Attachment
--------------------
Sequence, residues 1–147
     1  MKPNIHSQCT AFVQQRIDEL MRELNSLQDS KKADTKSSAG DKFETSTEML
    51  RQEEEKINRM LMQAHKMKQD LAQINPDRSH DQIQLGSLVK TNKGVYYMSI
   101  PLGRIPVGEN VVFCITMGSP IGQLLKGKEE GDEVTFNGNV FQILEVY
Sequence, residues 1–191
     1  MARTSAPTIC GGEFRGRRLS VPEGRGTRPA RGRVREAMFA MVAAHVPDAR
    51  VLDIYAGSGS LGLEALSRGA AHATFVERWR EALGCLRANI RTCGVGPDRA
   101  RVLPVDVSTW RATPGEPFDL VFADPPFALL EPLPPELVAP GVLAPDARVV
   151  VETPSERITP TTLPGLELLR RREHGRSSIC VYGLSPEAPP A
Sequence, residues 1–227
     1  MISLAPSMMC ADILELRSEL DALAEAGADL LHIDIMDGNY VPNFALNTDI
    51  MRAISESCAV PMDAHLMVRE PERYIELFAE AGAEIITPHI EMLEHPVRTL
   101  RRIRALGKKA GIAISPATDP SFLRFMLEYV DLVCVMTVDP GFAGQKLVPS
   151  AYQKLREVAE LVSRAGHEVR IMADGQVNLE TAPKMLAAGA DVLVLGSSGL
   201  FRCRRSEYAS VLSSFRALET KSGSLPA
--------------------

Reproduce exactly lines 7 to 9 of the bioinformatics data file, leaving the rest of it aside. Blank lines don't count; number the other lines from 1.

    51  VLDIYAGSGS LGLEALSRGA AHATFVERWR EALGCLRANI RTCGVGPDRA
   101  RVLPVDVSTW RATPGEPFDL VFADPPFALL EPLPPELVAP GVLAPDARVV
   151  VETPSERITP TTLPGLELLR RREHGRSSIC VYGLSPEAPP A